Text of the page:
NHTSA Streamlining The Development Of Self-Driving Vehicles Is Extremely Important.
Sadly, autonomous motor vehicles are typically unregulated under current federal law. As a matter of fact, Federal Law does not:
- Require minimum performance standards for the self-driving systems.
- Mandate standardized interfaces for self-driving systems.
- Require the use of driver monitoring systems to make sure drivers adequately monitor them while they are active.
So if a manufacturer starts with an FMVSS-compliant vehicle, federal law allows them to convert it into a self-driving car and test it on public roads. To date formal supervision over these testing parameters have not been addressed by NHTSA which is sort of scary right?
Let’s Make Autonomous America California Again?
Wait. What? California requires all self-driving companies who are testing their respective vehicles to submit annual reports to state regulators describing the number of miles driven and any crashes and details of the types of collisions they were involved with. Currently federal law does not require such reporting.
(ADAS)- Advanced Driver-Assistance Systems has only minimal federal oversight and do not require the mandates listed above. The Trump administration urged modifying archaic existing regulations instead of creating new regulations which really annoyed the Advocates for Highway Safety and they publicly blasted NHTSA’s “failure to advance commonsense rules detailing minimum performance standards for autonomous driving systems.”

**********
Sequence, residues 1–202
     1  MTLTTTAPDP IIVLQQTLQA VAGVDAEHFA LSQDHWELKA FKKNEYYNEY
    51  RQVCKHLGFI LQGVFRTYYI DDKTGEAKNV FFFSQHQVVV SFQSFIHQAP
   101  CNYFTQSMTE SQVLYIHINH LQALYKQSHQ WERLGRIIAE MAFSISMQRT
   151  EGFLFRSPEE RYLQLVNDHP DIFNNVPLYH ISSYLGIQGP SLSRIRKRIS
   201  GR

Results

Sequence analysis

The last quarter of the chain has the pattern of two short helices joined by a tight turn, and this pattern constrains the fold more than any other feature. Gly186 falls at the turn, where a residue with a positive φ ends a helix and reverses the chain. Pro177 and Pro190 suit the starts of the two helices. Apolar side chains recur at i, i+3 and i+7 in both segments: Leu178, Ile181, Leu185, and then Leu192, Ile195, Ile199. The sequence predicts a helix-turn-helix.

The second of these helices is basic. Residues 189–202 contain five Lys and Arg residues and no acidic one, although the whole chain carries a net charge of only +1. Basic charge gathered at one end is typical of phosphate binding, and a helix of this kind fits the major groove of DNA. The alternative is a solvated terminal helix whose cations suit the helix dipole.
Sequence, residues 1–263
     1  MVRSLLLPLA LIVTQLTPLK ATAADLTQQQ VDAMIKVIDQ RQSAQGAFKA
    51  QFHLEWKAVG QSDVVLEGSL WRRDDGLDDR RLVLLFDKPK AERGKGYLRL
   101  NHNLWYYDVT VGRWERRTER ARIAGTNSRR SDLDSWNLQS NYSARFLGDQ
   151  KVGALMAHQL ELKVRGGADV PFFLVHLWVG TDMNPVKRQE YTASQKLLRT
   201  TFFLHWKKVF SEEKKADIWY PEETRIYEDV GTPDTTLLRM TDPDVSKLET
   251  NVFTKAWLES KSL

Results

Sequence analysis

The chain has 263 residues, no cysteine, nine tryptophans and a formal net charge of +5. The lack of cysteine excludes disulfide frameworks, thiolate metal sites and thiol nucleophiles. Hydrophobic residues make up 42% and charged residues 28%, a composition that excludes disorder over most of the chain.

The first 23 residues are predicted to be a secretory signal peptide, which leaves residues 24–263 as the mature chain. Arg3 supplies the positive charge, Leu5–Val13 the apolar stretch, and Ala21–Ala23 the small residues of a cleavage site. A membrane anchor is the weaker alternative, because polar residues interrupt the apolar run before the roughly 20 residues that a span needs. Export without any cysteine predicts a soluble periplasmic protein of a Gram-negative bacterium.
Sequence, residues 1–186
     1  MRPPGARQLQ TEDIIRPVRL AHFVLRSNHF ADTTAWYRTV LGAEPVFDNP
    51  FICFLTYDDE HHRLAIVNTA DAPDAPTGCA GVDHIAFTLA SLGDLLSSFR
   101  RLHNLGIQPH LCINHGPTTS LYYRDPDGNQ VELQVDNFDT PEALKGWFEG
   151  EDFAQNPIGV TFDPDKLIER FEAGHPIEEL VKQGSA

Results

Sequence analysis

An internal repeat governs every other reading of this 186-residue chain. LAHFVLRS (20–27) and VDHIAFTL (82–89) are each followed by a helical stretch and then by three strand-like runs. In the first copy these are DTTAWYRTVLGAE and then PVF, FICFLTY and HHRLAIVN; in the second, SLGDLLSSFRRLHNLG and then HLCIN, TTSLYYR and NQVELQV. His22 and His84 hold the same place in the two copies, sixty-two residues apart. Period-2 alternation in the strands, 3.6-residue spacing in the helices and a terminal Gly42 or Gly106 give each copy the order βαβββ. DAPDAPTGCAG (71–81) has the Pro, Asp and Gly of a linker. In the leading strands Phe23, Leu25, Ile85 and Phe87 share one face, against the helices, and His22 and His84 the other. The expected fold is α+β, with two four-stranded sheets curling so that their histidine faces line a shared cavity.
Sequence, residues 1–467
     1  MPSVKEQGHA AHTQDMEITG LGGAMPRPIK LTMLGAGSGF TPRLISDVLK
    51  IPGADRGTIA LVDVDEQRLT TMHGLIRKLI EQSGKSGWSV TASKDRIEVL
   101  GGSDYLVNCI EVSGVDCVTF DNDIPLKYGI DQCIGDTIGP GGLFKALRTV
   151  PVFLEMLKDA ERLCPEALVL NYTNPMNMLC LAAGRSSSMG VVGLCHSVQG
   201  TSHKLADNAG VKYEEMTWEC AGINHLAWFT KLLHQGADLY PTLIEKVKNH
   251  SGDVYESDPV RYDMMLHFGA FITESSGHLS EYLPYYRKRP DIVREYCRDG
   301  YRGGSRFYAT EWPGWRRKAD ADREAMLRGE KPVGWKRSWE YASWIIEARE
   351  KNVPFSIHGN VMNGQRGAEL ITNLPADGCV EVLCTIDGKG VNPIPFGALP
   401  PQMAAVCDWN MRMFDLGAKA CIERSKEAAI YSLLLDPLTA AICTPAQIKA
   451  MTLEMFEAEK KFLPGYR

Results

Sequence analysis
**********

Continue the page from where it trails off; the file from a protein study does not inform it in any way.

“COME ON …MAN!!” Listen Folks “Ya Gotta Regulate”
As of today, with Donald J Trump who touted the hands-off approach has no time left to work on these regulations as it is now in the hands of President Joe Biden to regulate or not to regulate autonomous driving vehicles and the testing thereof.
What Does All Of This Have To Do With Collision Injury Chiropractic
If you or a loved one are in a collision with a self-driving care the doctors at collision injury Chiropractic are here to help you and yours. Its all we do 24/7 give us a call.